The entire biopharmaceutical industry is focused like never before. We are looking critically at mega-spending of global development operations and doing more with less. In an international environment of shifting regulatory sands, the goal is to be both effective and efficient, while generating products and producing results. We are often asked to provide broad industry best practice insights to assist with this effort, so we chose our top findings to encourage self-examination and heighten adoption of best practices. We will touch upon three key areas acknowledged as problematic, and then provide some practical ideas to consider. 1. Over-Designing Protocols Ken Getz, from the Tufts Center for Drug Development, presented recent early data on a study, which examined the cost associated with protocols. His figures revealed that of the large pharma companies surveyed, respondents believed that 30% of data commonly collected in clinical trials is not critical to meeting the safety and efficacy goals of their protocols. If one considers that the downstream effects of the verification and management of that data were not included in respondents’ approximations, the cost and effort associated with collecting information for protocols was conservatively estimated over $1.5 million per protocol in just site payments alone.1 Although the data were preliminary, and likely to change quite a bit as it matures, knowing that this money is wasted right out of the gate creates a long overdue discussion about unsustainable legacy practices. We need to ask ourselves why we collect information that isn’t core to the protocol’s key objectives of learning and confirming the product’s safety and efficacy? This mindset is representative of the No. 1 issue that continues to pervade this industry once a product gets to its development stage. There is little critical judgment built in to most processes. For example, in this instance protocol designers confront two disturbing precedents. First, there is little to no challenge of the status quo, asking “why” a physical exam, vital signs, and other routine measurements are collected at every visit as a relevant historical record when long resolved symptoms are otherwise verbally reported … or denied. In many instances there would be a heated discussion if these examinations were challenged. Second, it is rare that scientific mindsets are aligned with (or in the presence of) business outlooks within the protocol design team; for instance, the recognition is often lacking that spending $8,000 per patient to collect information about a secondary or tertiary objective will not produce adequate return on the investment, but spending $100 on collecting information for the primary objective will. Julian Jenkins, VP in the Center for Project and Study Excellence at GSK, suggests various restraints to manage this costly dilemma. First, appoint protocol review committee members who are competent in two key areas. They should be individuals who can be highly critical of the information collected and will ask “why” in a non-judgmental format, so the core requirements of the safety and efficacy are clear and defendable, and who fully understand the cost ramifications of doing procedures which may have some future scientific relevance but no obvious economic return on investment. Second, enlist the study coordinators who will need to execute the protocol involved to reality-check it. They are the most pragmatic detailed evaluators on the feasibility of data acquisition and will add value vs. create busy work. At an FDA public hearing on April 23, 2012, Andreas Koester, who is leading clinical trial innovation at Janssen Pharmaceuticals Companies of Johnson & Johnson, suggested that efficacy data standards should be a collaborative effort between industry and the FDA, and that previously submitted studies could inform near-term answers on endpoints and trial designs to guide standardization even further.2 In a different part of the world of calibration, there is an initiative called the BRIDG Model project, where an online library of standardized protocols provides for wider use, and seeks to provide translation to use from protocol to other documents (study reports) as well as defines a base set of common elements across protocols that clearly form a “data layer” and can populate a database.3 It appears that there are multiple efforts calling for similar outcomes. As enlightenment on these matters is the goal of this epistle, the challenge for the average protocol designer is to recognize all of these initiatives and harness some of their power within his or her own organization. Lastly, Medidata Solutions Worldwide is offering a new product that addresses the business-science divide called Designer. Designer provides a method to cross-check objectives against procedures, and calculates procedure costs to obtain a rapid ROI on esoteric assays to tickle the fancy of the academically oriented protocol designer who wants to test out a hypothesis.4 For companies already utilizing Rave for their EDC solution, it is probably worth having a look at this product to evaluate the business case for using it. 2. Confusing “Built-In” Quality vs. Taking Calculated Risks The FDA has been vocal, and should be congratulated on taking the lead, in recognizing the massive, expensive, and largely unnecessary efforts associated with the current practices surrounding the monitoring of clinical trials while simultaneously amplifying the vigor with which sponsors must oversee outsourcing to CROs. It seems as though there is a reluctance to “publicly be the first” to take a “risk-based approach,” because the conservative mindset pervasive in clinical research, coupled with a reticence to take chances not only limits failsafe options but also defeats the goal. The common practices of site-based visits and detailed review and verification of every data field consumes enormous resources, yet they have been in place for over 25 years. The Risk Based Monitoring5 guidance urges a pre-defined, thoughtful approach in determining a prospective, protocol-specific plan for oversight, incorporating quality by design principals. It suggests judiciously using costly “on-site” time for study staff management and hands-on work such as test article accountability, and harnessing the efficiency of technology to support centralized monitoring to evaluate consistency, completeness, and trending of data. Sponsors are urged to identify sites that need more aggressive management, which is now possible with the ubiquitous use of EDC, but is seems there is reluctance to pre-define what “risks” are acceptable, due to a fear that FDA inspectors will catch small errors or omissions and send warning letters as a result. This fear instills enough uncertainty that movement toward change is not discernable. We believe this concern is not a good excuse for delaying a shift, especially because the FDA has requested submission of the monitoring plan, signaling its agreement to evaluate and weigh in on the approach, and because about 95% of data collected in EDC are unchanged through the SDV processes employed in monitoring.6 Until it is tried on several studies and feedback on the process is broadly and transparently presented, the reticence will continue. We urge those of you who are trying the new approach to be brave, and to share your experience. In the meantime, we will suggest one approach to consider. Quality by design monitoring would describe several key risk factors and make use of an objective scale-based scoring system, which would be monitored remotely on a real time basis. Key factors assessed at site initiation and early enrollment would inform the calibration of ongoing risk. The sponsor would define alert levels to trigger more aggressive approaches, which could include third party QC to assess and mitigate risks. Quality-based factors would include prior experiences (or lack thereof) with the investigator, data cleanliness, adherence to study procedures, have a proactive problem solving approach, and others. These factors — coupled with the centralized monitoring of patient enrollment, speed of data entry, consistency, quality, and trending — would be utilized to trigger extra visits as needed to sites who need them and less frequent visits to low risk sites. Andreas Koester of Janssen proposed creating an integrated end of Phase 2 quality management plan that would describe all sponsor oversight activities specific for the compound under investigation that would then serve as the basis for FDA submission, input and review, and inspections. It’s another simple and practical approach, and we think it’s worth trying, especially if it prevents issues noted during subsequent regulatory inspections. 3. Believing Tools and Technology Will Solve Problems with Processes or People When we conduct workshops on a topic like vendor management, we share examples of tools such as vendor oversight plans. It’s always startling when participants assume that the tool will confer the knowledge and wisdom needed to manage vendors, and that getting a copy of the tool will solve all their problems. Our third no-no is failing to recognize that using a tool, whether it’s a template timeline or a $2 million CTMS is not a replacement for simple value-added processes and well-qualified people. This dangerous assumption dramatically expands the likelihood of waste and inefficiency with technology projects, without fixing the underlying gap. Acquisition and implementation of a clinical trial management system is a very expensive undertaking. We have seen countless examples of an organization purchasing the system then failing to integrate it into work processes. The hard work of changing the process and including the individuals who will use the system at every step is underestimated. It is pure change management, and must be included in the project of technology adoption. Business and quality processes can be the best foundation or the worst tangle of convoluted hoops that teams must jump through, expending enormous energy and time to stay compliant with either 2,000 high-level procedures that effectively say nothing, or one 98-page tome. We have worked with companies where geographically separated teams conduct clinical trials completely differently and have done so for years, because they have never integrated their processes, effectively doing everything twice on a global study because their SOPs call for it. We have also worked with companies that have no business process for execution and storage of vendor contracts, and can’t find them in anticipation of a due diligence exercise. It is rare that internal employees will find the time or be able to look objectively at what works and doesn’t. Meanwhile, years can pass where funds that could be allocated to high-value development activities are instead spent filling out the checklist or collecting the useless form to stay within the procedure. Through each of these big ticket issues, the origins are a complex combination of fear, inability to recognize when an approach no longer works or adds value, reluctance to let go of old ways, and unconscious incompetence on the part of individuals assigned to important management responsibilities. We always look to senior management to diagnose issues that trickle down that cause these challenges, and typically, there are areas for enlightenment. Bridging the Gap We see two key challenges with implementing these ambitious ideas: there are disconnects between the executive-level making proposals and the rank and file’s ability to both interpret and implement the ideas and only in big pharma is there a mandate for change with resources focused on making that change happen. Small companies with a “heads-down, lean-and-mean” approach at every level don’t have the knowledge, bandwidth, or funds to appoint a clinical innovation officer, and CROs don’t have any incentives for slimming down their part of the bloat. The overarching concern is that in an industry where rewards have historically been geared only toward embracing the collective conservatism of the herd, not breaking from the pack, and taking calculated risks, no one is willing to be “first.” It is time that individuals adjust their behavior, be brave, and welcome an opportunity to take the lead in change. References: 1. Presentation by Ken Getz, Fellow at Tufts Center for Drug Development during Americas Medidata User Group annual meeting 2012 www.mdsol.com/conferences/mug/amug.html 2. https://collaboration.fda.gov/p96362676/ 3. http://www.bridgmodel.org/ 4. http://www.mdsol.com/products/designer.htm 5. Oversight of Clinical Investigations — A Risk-Based Approach to Monitoring FDA, August 2011. http://www.fda.gov/ downloads/Drugs/…/Guidances/UCM269919.pdf 6. Personal communication, Steve Young, Medidata Solutions Worldwide Laurie Halloran, BSN, MS, President and CEO, Halloran Consulting Group Halloran Consulting Group is a specialty management consulting firm for the life- sciences industry. { For more information, visit hallorancg.com.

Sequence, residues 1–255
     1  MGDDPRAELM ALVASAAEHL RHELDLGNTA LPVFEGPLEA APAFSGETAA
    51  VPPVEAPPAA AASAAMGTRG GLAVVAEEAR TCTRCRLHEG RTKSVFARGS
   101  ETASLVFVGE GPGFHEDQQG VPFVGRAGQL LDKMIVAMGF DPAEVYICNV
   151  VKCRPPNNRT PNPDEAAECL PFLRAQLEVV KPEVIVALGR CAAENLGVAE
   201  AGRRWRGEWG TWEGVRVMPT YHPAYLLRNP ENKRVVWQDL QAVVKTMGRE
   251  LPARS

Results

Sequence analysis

Posted in:

Post a Comment

You must be logged in to post a Comment.

FEEDBACK